UMCOR Aiding Uprooted Syrians
AS THE COMPLEX CONFLICT IN SYRIA ENTERS ITS SIXTH YEAR, THE UNITED METHODIST COMMITTEE ON RELIEF (UMCOR) IS CONTINUING ITS AID FOR SYRIANS FORCED TO FLEE THEIR STRIFE-TORN HOMES.
UMCOR, through its partners, is assisting those displaced within Syria and those who have fled to neighboring countries and beyond.
In a district north of Damascus, the Syrian capital, UMCOR is working with International Blue Crescent to supply some 1,000 displaced families with urgently needed food packages.
“Many of these internally displaced persons have been made homeless multiple times, but due to repeated shifts in the fighting, they often are much more difficult to reach and support,” said Laurie Felder, executive secretary for UMCOR International Disaster Response.
The Syrian conflict marked its fifth anniversary in March. In that time, more than a quarter million people have been killed, 4.5 million have fled the country and 7.6 million have been displaced within Syria.
UMCOR has provided more than $3.5 million in emergency assistance to confront the crises in Syria and Iraq since 2011. Aid has come in the form of emergency food supplies, health care, shelter, psychosocial support, education support and even mine removal. It includes nearly $900,000 in relief-supply kits, including hygiene, school, layette and birthing kits.
GRANTS INCREASE, DISPLACEMENTS CONTINUE
Each year that the fighting has continued, UMCOR has increased the number of grants it has made to its partners in the field, from a single grant in 2011 for emergency relief supplies for Syrian refugees at border camps in Turkey to 22 grants in 2015.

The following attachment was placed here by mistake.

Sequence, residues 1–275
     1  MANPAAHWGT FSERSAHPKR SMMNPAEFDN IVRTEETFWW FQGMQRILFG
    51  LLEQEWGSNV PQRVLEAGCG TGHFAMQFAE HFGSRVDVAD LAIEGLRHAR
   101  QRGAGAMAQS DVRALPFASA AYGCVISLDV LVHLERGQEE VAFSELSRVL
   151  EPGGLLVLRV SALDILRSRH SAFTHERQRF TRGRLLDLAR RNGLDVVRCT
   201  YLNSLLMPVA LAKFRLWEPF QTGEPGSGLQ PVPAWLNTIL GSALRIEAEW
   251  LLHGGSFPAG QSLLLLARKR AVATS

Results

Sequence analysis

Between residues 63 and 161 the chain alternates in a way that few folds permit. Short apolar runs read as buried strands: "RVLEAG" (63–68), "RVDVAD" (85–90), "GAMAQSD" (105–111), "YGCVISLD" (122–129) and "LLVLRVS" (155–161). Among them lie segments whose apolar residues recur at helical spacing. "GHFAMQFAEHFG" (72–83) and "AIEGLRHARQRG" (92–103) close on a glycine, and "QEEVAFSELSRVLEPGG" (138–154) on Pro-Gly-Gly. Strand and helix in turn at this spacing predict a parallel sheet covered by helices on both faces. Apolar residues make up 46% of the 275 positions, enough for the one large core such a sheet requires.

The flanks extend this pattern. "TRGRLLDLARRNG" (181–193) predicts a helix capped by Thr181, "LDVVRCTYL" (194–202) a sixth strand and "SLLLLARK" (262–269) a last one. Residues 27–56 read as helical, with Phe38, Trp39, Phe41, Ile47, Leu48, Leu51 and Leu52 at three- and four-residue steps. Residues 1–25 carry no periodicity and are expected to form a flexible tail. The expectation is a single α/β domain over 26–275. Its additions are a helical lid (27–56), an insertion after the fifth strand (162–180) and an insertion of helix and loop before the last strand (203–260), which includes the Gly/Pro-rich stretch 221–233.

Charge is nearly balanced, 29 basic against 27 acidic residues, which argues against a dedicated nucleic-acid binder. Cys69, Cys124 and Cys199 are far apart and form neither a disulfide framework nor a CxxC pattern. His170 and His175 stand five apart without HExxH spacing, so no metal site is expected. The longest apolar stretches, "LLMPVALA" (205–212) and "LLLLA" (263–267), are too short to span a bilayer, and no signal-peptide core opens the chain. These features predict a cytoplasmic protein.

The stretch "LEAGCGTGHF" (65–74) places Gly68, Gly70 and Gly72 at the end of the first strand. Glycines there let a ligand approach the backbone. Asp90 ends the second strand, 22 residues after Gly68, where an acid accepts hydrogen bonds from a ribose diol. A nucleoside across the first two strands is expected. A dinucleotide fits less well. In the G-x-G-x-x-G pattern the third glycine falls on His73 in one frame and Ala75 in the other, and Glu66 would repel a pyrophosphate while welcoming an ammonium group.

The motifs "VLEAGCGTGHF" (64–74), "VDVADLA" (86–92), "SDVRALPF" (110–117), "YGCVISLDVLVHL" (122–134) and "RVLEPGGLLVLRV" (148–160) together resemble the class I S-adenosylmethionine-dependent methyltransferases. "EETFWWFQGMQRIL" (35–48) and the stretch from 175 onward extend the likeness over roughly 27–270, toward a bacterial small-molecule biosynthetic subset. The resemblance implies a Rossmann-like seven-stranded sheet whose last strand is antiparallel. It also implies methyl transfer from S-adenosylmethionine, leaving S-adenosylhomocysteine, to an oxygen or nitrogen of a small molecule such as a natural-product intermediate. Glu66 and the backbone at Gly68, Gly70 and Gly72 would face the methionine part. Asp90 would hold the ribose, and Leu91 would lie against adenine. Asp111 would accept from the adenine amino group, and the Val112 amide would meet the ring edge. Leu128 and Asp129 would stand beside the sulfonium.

A ceasefire brokered earlier this year that went into effect on Feb. 27 continues to hold, allowing space for increased humanitarian assistance. But, as the United Nations noted, “Intermittent fighting, shifting conflict lines and persisting deprivation have continued to displace people across the country.”
UMCOR is partnering with the Middle East Council of Churches (MECC) to help uprooted Syrians on the outskirts of Damascus find housing and pay the rent. This partnership offers protection to a vulnerable population, while also respecting and acknowledging their human dignity.
ASSISTANCE FARTHER FROM HOME
Many of the homeless, especially from western Syria, cross the border into Lebanon — a country now receiving an influx from both Syria and Iraq that is equivalent to one-fourth its own population. UMCOR, through MECC, is providing refugees near Beirut, on the slopes of Mount Lebanon, with food and hygiene kits they might not otherwise receive.
As desperate Syrians find their way along tortuous routes through neighboring Turkey to Greece and beyond, UMCOR is finding new ways to help them.
In Serbia, UMCOR is working with NEXUS to assist Syrian refugees there. The nongovernmental agency focuses on humanitarian assistance, psychosocial support and education for vulnerable communities.
In Vranje, Serbia, UMCOR through NEXUS is providing refugees with “day packages” as they move along one of Europe’s main transit corridors. The packages contain food to provide 24 hours’ worth of calories, plus drinking water and basic hygiene items.
“As well as their food and other immediate necessities,” said Felder, “we are working to ensure the safety and dignity of the refugees.”
David Tereshchuk is a journalist and media critic, who contributes frequently to umcor. org, where this story was originally published. Linda Unger, senior writer for the General Board of Global Ministries, contributed parts of this article